Other implementations use a removable storage device (such as a floppy disk, flash drive, and its corresponding disk drive) as permanent storage device 1202. Like permanent storage device 1202, system memory 1204 is a read-and-write memory device. However, unlike storage device 1202, system memory 1204 is a volatile read-and-write memory, such a random access memory. System memory 1204 stores some of the instructions and data that the processor needs at runtime. In some implementations, the processes of the subject disclosure are stored in system memory 1204, permanent storage device 1202, and/or ROM 1210. For example, the various memory units include instructions for providing interactive visualizations of search interest data in accordance with some implementations. From these various memory units, processing unit(s) 1212 retrieves instructions to execute and data to process in order to execute the processes of some implementations (e.g., the steps of method 200 of FIG. 2, as described above).

Bus 1208 also connects to input and output device interfaces 1214 and 1206. Input device interface 1214 enables the user to communicate information and select commands to the electronic system. Input devices used with input device interface 1214 include, for example, alphanumeric keyboards and pointing devices (also called “cursor control devices”). Output device interfaces 1206 enables, for example, the display of images generated by the electronic system 1200. Output devices used with output device interface 1206 include, for example, printers and display devices, such as cathode ray tubes (CRT) or liquid crystal displays (LCD). Some implementations include devices such as a touch-screen that functions as both input and output devices.

Finally, as shown in FIG. 12, bus 1208 also couples electronic system 1200 to a network (not shown) through a network interface 1216. In this manner, the computer can be a part of a network of computers (such as a local area network (“LAN”), a wide area network (“WAN”), or an Intranet, or a network of networks, such as the Internet. Any or all components of electronic system 1200 can be used in conjunction with the subject disclosure.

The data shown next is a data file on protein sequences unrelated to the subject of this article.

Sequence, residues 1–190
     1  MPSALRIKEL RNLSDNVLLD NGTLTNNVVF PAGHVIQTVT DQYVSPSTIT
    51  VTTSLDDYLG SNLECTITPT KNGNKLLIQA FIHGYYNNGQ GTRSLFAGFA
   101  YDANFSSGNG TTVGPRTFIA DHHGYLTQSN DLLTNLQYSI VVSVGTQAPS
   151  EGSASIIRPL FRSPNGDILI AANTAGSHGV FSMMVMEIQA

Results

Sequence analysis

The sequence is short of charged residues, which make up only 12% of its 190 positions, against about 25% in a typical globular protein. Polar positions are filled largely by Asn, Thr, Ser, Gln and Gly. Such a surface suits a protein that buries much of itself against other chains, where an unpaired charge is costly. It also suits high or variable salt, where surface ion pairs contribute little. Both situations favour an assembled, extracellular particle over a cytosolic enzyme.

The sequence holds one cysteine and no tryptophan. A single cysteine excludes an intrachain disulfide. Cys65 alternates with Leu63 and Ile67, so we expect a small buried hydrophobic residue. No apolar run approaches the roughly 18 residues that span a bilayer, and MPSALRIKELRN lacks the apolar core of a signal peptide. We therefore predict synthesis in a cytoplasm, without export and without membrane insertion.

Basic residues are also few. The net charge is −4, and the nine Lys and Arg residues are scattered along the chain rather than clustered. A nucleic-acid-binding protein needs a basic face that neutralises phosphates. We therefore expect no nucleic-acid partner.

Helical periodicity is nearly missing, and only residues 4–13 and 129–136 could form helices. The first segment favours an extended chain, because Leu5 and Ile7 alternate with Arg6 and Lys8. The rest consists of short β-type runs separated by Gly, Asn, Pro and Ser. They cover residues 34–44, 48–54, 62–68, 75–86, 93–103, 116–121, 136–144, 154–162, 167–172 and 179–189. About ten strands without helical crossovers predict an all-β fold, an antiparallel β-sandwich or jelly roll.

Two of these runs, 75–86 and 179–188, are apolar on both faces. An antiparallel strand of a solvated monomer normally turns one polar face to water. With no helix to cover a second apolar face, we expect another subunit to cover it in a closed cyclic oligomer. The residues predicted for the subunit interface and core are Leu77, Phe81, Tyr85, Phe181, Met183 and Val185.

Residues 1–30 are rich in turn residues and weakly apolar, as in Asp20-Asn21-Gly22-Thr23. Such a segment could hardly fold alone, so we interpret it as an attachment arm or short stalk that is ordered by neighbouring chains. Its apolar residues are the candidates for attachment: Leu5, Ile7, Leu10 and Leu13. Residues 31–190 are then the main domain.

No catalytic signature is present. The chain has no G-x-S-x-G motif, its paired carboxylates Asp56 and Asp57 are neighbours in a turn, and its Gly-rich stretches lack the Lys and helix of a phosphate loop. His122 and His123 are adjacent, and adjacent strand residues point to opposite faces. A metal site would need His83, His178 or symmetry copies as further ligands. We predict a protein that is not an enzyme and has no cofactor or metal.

These functions described above can be implemented in digital electronic circuitry, in computer software, firmware or hardware. The techniques can be implemented using one or more computer program products. Programmable processors and computers can be included in or packaged as mobile devices. The processes and logic flows can be performed by one or more programmable processors and by one or more programmable logic circuitry. General and special purpose computing devices and storage devices can be interconnected through communication networks.

Some implementations include electronic components, such as microprocessors, storage and memory that store computer program instructions in a machine-readable or computer-readable medium (alternatively referred to as computer-readable storage media, machine-readable media, or machine-readable storage media). Some examples of such computer-readable media include RAM, ROM, read-only compact discs (CD-ROM), recordable compact discs (CD-R), rewritable compact discs (CD-RW), read-only digital versatile discs (e.g., DVD-ROM, dual-layer DVD-ROM), a variety of recordable/rewritable DVDs (e.g., DVD-RAM, DVD-RW, DVD+RW, etc.), flash memory (e.g., SD cards, mini-SD cards, micro-SD cards, etc.), magnetic and/or solid state hard drives, read-only and recordable Blu-Ray® discs, ultra density optical discs, any other optical or magnetic media, and floppy disks. The computer-readable media can store a computer program that is executable by at least one processing unit and includes sets of instructions for performing various operations. Examples of computer programs or computer code include machine code, such as is produced by a compiler, and files including higher-level code that are executed by a computer, an electronic component, or a microprocessor using an interpreter.

X. Conclusion